The Management Is Not Responsible

There’s a certain amount of libertarian ambivalence about laws that force companies to allow their employees and patrons to have firearms (or other weapons) in vehicles in parking lots on private property. On the one hand, the property rights of the owner are trampled. On the other, if this is not forced, the self-defense right of the individuals are trampled. No matter what, someone’s natural rights are getting trampled. The justification for parking lot laws boils down to property rights are less important than self-defense rights.

But, there’s an interesting lawsuit that’s come out of the Aurora, CO mass shooting a few years back. Victims and family members are proceeding with a wrongful death/personal injury suit against the theater chain. Normally, I’d say this was an attempt to go after the deep pockets. But, we have been told that this theater chain was somewhat unusual in the region for posting their property, and it’s suspected that the shooter chose this theater at least partially because it was posted, since the theater was not the closest to his home.

A federal judge has again refused to dismiss wrongful death and personal injury lawsuits filed against a movie theater chain by victims of a 2012 mass shooting at a Colorado cinema where 12 people were killed and dozens injured.


In general, the lawsuits claim Cinemark had lax security at its theater in the Denver suburb of Aurora when a gunman opened fired during a midnight screening of the Batman film “The Dark Knight Rises.”

The article then goes on to point out that other theaters in the chain hired security, but this theater chose not to. The theater chain’s defense is that they should not have a “duty and burden to have foreseen and prevented the criminal equivalent of a meteor falling from the sky.” However, by encouraging their patrons to disarm under threat of banning from the property or other legal actions, I’d say that they have chosen to assume the “duty and burden” by forbidding their patrons from retaining the means of self-defense. And, at any rate, a mass murderer is not the only reason for someone to wish to have the means to defend themselves readily to hand.

In the end, this is why those signs and policies exist, because after a tragedy, people will go looking for the deepest pockets that can provide them monetary compensation. The assumption has been, until now, that the signs may not be effective against lawbreakers, but they are effective against the plaintiff’s bar; that they are the equivalent of those signs you see at coat racks and in parking lots that say “management is not responsible for theft.” (which is literally true, but apparently needs to be spelled out). However, today we live in a legal regime where the search for deep pockets causes the plaintiff’s bar to advance the theory that if a property owner does not have a policy against the carriage of weapons, they are responsible for the actions of anyone who does carry a weapon onto the property. Which is absurd, of course.

If this lawsuit goes through, though, the property owners will be forced to take on the duty of defense of their patrons. For a variety of reasons I don’t expect this lawsuit to succeed; but it points out a libertarian way of obtaining the same results as a parking lot law, without the trampling of the rights of the property owners. Pass laws that make it harder to sue the property owner for the actions of a third party on that property, a la the Protection of Lawful Commerce In Firearms Act or the safe harbor provisions of the DMCA, and impose a duty to defend patrons if the property owner chooses to post their property as a “gun free zone.” Then leave it to the free market and the insurance companies to make those signs evaporate…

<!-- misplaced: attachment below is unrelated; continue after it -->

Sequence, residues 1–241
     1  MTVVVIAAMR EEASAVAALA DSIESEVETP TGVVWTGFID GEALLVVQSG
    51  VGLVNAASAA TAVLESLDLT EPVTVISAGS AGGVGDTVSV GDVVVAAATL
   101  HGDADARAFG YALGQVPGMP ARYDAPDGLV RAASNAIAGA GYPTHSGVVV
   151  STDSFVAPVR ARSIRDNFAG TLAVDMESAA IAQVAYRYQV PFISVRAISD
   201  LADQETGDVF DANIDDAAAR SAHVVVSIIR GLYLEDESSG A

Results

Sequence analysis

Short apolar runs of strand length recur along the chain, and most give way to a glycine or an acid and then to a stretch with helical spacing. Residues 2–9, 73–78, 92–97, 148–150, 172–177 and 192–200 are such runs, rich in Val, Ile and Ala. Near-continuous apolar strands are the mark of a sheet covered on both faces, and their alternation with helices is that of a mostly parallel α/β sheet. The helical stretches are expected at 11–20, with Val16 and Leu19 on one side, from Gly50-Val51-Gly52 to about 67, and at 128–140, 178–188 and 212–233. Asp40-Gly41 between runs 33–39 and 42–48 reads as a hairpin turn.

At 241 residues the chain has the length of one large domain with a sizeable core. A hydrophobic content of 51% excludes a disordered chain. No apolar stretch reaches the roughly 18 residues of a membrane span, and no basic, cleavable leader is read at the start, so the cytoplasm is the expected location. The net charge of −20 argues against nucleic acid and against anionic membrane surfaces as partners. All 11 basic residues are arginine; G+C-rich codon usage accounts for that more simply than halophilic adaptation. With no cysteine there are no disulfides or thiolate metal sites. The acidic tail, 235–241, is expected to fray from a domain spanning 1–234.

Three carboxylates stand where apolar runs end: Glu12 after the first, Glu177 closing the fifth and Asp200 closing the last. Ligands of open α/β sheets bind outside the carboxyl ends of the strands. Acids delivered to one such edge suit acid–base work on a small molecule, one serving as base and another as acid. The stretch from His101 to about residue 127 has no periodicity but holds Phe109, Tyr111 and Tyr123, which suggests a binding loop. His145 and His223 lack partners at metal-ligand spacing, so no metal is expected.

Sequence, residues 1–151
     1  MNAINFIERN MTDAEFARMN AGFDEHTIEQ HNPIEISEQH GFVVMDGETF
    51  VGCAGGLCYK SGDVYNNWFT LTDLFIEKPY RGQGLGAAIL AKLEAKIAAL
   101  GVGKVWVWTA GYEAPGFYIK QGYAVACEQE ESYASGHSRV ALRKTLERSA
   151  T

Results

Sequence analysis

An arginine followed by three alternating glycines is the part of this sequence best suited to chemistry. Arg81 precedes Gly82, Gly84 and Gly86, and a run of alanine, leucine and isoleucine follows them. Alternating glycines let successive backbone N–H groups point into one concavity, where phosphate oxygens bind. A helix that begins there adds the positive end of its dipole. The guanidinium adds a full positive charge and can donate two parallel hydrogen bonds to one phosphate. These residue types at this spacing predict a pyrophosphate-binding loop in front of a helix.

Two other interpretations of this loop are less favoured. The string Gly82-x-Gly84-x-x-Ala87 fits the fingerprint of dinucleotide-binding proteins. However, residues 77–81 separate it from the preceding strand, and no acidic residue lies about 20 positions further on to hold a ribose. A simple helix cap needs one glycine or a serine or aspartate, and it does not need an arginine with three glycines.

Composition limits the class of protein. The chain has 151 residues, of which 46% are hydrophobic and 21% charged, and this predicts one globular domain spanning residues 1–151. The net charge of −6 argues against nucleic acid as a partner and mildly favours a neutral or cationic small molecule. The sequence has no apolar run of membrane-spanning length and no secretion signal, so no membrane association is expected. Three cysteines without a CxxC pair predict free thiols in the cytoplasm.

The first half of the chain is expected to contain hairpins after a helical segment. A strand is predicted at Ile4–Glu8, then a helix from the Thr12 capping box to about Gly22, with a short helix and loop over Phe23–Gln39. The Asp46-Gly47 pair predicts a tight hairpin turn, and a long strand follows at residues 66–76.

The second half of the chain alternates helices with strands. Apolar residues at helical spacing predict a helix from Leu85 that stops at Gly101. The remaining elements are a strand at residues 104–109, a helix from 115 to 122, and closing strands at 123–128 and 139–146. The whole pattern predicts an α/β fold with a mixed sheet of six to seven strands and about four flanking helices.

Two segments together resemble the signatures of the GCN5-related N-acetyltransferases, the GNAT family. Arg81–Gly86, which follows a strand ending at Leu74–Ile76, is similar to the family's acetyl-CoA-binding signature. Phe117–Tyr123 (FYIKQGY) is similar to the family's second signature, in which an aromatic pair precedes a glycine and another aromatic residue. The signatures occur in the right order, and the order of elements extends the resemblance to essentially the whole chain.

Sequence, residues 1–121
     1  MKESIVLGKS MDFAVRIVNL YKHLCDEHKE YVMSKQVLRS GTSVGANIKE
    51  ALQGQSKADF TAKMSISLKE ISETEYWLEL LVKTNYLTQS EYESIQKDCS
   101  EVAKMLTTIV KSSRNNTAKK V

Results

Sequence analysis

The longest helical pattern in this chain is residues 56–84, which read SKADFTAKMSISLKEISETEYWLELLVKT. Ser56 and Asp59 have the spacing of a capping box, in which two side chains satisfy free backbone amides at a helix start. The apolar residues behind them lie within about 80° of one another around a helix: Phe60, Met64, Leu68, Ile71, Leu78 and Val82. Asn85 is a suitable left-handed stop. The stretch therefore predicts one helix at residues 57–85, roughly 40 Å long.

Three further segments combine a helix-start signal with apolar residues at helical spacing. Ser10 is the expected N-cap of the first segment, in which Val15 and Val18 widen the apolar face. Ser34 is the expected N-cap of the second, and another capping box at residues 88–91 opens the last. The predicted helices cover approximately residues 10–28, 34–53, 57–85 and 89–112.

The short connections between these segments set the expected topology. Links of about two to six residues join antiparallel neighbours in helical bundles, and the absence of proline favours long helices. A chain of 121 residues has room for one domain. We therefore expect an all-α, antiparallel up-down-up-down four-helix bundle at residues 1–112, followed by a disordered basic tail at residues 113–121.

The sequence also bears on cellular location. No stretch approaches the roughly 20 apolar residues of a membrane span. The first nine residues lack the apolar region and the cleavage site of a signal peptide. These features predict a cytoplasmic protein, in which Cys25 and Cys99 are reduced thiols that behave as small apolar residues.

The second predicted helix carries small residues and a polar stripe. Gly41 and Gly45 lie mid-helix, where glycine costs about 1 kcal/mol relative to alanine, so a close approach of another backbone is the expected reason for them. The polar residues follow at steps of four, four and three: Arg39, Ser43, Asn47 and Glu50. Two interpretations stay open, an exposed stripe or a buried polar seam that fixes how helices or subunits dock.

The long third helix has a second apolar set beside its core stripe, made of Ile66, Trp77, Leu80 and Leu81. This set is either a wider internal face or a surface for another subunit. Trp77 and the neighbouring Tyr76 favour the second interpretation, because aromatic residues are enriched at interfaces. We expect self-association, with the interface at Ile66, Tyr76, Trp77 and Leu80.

H/T to Saysuncle

28 thoughts on “The Management Is Not Responsible”

  1. Business Property Rights versus Civil Rights is a false dichotomy.

    The reason libertarians are confused is because they cannot properly categorize the Second Amendment, nor can they properly prioritize “rights”.

    The Second Amendment is fundamental and enumerated. It is a Civil Right, in modern parlance. The property rights of businesses are not enumerated, nor are they singularly discoverable anywhere in that document or law. Whole volumes exist to demonstrate their existence, but they all generally flow from the rights we have to collectivize and to pursue our capitalistic dreams.

    Civil Rights come with baggage, one of which is the idea that once you become an adequately “public” entity you must adhere to some basic civil behaviors. One of them is business not barring individuals based on genetic makeup (race, sex, etc) or anyone else based on other protected rights – like religion. At some point, the individuals behind a business need to eschew the social line, or else society (in the body of the government) can step in and enforce change.

    To the extent the Second Amendment runs up against the property rights of Costco or Target, it is the same as property rights running up against laws preventing discrimination on other grounds. The business must acquiescence to the rights of that individual. Target cannot tell Evangelical Christians to stay away, nor can Ambercrombie and Fitch make every overweight or minority staff member work in the stockroom and leave the more desirable customer service positions to the cute white kids (of course, this case was “settled without admitting…”).

    So I got no problem with laws protecting my right to carry in Costco or Ikea. If the Second Amendment is equitable to the individual, then it must also be equitably treated in the public sphere by business.